Virtual Events: USAFA Superintendent on Mitchell’s ‘Aerospace Nation,’ and More

On Jan. 21 at 11 a.m. EST, the Air Force Association's Mitchell Institute for Aerospace Studies will host USAFA Superintendent Lt. Gen. Richard M. Clark on the next installment of its “Aerospace Nation” series. Clark will share his insights into how the Academy is preparing cadets to face today's global challenges, the implications of the creation of the Space Force for the Academy, what it means to accelerate change in an educational institution, and other Academy priorities. Advanced registration is required. Sign up here.

Radar Sweep

Snapshot: DOD and COVID-19

Air Force Magazine

Here's a look at how the Defense Department is being impacted by and responding to the COVID-19 pandemic.

US Air Force Appeals Ruling Against Urban Training in Idaho

The Associated Press

The U.S. Air Force is appealing a federal court ruling preventing exercises that had military jets coordinating with plain-clothed soldiers on the ground in cities in Idaho as part of an urban warfare training program. The Air Force filed the appeal with the 9th U.S. Circuit Court of Appeals on Nov. 30. The military says air support for ground forces is increasingly required in urban combat areas.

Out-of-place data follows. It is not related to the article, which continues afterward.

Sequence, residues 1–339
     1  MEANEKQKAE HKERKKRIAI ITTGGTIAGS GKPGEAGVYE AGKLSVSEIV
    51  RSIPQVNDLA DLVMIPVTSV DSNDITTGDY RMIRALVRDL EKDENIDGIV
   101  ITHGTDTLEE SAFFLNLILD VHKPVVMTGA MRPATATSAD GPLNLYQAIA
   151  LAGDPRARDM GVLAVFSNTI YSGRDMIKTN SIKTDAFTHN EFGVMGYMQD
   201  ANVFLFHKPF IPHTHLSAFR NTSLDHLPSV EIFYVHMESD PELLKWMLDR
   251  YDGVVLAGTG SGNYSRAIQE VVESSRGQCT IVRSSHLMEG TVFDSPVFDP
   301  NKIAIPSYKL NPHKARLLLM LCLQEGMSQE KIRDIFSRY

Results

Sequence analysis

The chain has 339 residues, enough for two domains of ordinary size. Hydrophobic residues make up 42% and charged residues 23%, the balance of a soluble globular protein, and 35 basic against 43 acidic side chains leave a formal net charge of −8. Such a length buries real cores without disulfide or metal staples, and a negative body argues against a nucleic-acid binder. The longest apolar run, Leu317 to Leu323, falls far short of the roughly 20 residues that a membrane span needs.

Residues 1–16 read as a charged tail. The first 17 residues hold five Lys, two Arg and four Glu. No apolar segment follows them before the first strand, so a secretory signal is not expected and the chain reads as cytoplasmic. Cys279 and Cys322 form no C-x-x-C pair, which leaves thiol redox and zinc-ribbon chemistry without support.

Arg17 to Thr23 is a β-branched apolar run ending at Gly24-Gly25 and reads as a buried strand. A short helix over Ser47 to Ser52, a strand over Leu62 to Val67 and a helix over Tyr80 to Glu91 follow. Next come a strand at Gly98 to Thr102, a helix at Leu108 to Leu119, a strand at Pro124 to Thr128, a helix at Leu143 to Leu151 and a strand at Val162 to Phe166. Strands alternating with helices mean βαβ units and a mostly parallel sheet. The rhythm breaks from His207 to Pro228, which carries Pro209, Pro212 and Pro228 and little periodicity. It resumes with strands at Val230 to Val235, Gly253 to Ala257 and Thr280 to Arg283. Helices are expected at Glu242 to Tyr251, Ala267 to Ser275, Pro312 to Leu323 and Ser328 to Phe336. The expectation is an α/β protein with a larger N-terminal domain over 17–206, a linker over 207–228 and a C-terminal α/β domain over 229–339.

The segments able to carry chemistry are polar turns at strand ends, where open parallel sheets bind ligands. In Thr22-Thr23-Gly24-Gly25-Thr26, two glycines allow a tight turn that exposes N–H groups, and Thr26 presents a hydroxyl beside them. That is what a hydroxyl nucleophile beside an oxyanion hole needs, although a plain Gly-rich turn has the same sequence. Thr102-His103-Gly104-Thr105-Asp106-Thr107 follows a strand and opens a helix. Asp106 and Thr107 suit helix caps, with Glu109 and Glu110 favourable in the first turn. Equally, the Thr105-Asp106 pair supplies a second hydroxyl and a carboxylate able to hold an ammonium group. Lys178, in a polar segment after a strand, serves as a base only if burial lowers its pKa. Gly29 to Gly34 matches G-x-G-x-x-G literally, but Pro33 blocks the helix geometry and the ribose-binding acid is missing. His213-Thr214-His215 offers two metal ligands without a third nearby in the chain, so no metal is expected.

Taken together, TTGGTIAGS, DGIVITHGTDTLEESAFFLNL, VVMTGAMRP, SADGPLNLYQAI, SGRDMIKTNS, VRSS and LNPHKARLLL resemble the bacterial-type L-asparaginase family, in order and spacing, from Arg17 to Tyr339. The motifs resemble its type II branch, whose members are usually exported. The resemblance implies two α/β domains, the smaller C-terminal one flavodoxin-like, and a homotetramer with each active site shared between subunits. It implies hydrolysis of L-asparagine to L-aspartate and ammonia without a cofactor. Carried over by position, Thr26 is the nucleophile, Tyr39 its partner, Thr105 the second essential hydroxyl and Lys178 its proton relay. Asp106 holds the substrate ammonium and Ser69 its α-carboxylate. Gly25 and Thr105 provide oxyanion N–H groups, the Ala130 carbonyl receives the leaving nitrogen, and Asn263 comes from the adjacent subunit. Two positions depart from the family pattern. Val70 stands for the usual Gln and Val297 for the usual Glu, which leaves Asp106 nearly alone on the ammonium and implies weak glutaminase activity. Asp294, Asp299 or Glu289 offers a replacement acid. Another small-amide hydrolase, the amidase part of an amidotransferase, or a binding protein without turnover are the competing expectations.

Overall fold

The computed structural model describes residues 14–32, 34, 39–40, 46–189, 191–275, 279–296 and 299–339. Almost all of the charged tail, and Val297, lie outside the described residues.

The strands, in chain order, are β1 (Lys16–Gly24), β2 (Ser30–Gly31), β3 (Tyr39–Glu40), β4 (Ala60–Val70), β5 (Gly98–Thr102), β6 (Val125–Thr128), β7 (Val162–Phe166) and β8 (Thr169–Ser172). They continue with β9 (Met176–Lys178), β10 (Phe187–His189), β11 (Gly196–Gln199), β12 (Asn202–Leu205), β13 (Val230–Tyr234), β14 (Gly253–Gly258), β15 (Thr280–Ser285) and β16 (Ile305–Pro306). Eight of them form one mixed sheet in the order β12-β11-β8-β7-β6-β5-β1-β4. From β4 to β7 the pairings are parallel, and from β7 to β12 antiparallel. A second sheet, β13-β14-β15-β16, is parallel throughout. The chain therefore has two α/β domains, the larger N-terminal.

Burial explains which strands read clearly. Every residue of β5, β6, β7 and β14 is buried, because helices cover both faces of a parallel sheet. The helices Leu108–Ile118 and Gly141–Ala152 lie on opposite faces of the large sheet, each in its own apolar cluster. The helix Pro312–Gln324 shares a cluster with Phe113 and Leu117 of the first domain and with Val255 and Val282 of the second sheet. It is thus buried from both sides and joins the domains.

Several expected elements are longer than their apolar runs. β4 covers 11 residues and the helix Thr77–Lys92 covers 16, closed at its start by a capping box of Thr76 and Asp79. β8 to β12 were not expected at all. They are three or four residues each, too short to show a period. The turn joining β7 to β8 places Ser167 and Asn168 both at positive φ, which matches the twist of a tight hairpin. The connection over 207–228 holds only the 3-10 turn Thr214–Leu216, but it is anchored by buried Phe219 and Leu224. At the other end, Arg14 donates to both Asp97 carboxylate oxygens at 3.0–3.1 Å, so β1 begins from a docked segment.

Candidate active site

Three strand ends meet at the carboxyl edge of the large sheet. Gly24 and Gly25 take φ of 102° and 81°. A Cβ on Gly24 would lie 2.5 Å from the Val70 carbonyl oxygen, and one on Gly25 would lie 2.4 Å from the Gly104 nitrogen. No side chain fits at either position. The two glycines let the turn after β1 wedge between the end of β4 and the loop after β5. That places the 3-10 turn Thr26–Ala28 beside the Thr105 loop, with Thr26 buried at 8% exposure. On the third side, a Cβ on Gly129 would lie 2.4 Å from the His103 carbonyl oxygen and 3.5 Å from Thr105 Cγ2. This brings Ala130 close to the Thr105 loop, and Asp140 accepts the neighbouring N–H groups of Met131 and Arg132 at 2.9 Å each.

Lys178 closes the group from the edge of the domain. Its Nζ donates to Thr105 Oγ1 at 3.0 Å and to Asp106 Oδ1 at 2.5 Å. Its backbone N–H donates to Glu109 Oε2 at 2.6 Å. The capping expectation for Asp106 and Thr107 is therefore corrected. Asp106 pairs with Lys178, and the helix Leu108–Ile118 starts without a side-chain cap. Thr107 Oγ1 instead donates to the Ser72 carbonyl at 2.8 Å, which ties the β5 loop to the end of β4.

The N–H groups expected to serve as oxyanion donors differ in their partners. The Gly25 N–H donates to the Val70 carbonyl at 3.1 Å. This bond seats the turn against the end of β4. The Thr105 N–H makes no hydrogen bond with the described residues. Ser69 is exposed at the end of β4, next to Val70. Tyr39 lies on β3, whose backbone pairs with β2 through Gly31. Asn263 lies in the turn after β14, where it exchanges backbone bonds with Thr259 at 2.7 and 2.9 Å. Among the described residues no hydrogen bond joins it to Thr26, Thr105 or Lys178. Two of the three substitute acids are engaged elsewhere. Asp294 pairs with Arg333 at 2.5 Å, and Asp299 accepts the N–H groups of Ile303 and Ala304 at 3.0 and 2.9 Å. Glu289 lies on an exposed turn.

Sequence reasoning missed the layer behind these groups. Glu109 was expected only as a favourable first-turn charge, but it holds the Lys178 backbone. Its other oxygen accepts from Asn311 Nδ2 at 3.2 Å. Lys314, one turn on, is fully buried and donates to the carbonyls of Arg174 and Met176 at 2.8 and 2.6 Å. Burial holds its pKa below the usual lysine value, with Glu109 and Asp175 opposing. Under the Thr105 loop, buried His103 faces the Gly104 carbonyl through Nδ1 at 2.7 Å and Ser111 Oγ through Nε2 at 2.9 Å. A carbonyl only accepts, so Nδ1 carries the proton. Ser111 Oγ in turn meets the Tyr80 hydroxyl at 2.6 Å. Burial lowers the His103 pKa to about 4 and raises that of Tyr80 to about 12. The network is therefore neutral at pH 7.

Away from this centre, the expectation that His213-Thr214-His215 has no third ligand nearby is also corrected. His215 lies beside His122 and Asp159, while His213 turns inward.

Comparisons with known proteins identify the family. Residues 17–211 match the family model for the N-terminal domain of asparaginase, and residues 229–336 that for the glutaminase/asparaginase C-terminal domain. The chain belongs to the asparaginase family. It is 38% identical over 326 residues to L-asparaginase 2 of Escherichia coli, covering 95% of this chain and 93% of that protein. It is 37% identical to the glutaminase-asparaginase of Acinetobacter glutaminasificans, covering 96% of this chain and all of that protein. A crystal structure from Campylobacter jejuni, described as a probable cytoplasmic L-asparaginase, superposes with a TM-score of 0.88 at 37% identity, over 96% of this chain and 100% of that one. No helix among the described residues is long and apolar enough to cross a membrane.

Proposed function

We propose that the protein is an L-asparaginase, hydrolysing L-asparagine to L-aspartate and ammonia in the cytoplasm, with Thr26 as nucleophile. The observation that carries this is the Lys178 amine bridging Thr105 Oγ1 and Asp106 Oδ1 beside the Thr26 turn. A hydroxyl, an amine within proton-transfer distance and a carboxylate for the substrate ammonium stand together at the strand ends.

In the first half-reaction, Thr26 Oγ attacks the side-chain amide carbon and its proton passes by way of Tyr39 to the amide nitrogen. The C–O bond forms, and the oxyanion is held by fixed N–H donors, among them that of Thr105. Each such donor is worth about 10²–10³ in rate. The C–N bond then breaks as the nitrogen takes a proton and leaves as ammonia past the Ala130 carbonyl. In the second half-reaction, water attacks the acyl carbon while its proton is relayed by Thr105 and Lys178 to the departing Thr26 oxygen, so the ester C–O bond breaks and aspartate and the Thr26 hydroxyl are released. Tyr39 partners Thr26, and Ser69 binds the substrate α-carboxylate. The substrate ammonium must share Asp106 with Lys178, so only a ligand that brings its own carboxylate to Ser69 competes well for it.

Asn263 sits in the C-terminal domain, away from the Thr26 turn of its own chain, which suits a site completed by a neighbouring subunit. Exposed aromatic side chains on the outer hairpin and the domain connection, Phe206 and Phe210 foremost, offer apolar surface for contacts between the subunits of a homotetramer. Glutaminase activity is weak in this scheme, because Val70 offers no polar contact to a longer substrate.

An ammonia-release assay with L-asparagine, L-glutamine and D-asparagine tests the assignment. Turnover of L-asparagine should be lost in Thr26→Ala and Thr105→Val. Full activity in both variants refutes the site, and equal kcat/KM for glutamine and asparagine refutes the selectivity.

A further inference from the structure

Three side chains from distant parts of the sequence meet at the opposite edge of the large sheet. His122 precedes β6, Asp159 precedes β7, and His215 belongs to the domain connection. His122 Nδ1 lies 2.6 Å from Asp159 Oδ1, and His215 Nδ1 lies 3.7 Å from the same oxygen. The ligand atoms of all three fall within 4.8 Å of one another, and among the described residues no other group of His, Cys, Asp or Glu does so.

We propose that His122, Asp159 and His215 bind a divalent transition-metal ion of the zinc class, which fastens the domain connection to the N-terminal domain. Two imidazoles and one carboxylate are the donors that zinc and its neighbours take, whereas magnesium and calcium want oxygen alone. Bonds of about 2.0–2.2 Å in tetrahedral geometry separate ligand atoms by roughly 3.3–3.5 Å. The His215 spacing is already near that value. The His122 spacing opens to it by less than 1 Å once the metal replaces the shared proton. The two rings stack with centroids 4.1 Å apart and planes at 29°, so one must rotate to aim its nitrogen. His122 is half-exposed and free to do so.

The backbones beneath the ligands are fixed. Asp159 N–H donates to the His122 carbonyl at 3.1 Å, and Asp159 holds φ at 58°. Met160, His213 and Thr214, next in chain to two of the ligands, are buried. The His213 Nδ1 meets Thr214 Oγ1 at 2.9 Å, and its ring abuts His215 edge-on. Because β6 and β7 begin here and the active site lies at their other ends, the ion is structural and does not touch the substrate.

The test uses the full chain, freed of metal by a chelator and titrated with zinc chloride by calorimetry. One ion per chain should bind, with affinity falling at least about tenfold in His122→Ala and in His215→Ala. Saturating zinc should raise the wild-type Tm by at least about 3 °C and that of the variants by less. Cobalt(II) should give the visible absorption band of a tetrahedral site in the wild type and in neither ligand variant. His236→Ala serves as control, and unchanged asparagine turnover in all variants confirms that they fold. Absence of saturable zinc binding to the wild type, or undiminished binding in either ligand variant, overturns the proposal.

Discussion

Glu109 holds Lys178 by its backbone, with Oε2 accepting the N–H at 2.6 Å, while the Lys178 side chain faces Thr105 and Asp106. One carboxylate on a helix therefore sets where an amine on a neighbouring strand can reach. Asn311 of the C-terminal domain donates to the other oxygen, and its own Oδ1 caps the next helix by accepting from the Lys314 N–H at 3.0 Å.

Airmen Praised for Helping Teenager Off Bridge

The Dayton Daily News

Two Wright-Patterson Air Force Base Airmen are being lauded for their quick action to help save a distressed teenager who was considering jumping from a Fairborn, Ohio, overpass.

Cadet Joint Domain Exercise Incorporates Cyber, Proves Successful

USAFA release

During the exercise, cadets acted as members of an Air Operations Center (AOC), directing two other cadets as remotely piloted aircraft pilots during an intelligence, surveillance, and reconnaissance mission leading to a simulated kinetic strike on an Islamic State group leadership meeting. Cadet Cyber Team members served as a cyber effects cell and cyber liaison officers who were providing cyber ISR to help track the target, and identify who was actually at the meeting.

Opinion: Are We at the Start of a New Cold War Between the US and China?

Military.com

“The U.S. and China are involved in a wide-ranging economic competition, one that spills over into American bilateral relations with other countries, and also impacts the "rules" of an international system that has evolved, largely under American leadership, in the postwar period. The U.S. competes economically with other countries, most notably Japan and the European Union, but this rivalry is different from the Sino-American one,” writes Joseph V. Micallef, a best-selling military history and world affairs author.

Video: Dunlap Speaks on the Navy, Air Force, Army, & JADC2

Breaking Defense

The Air Force and Army signed an MOU earlier this year to force lower ranking people to come on board and drive greater cooperation between the services as they build JADC2. The Navy has markedly stood back over the last three years as the Army and Air Force have forged ahead, making All Domain Operations one of their top priorities. Dunlap discusses how the three services are working together.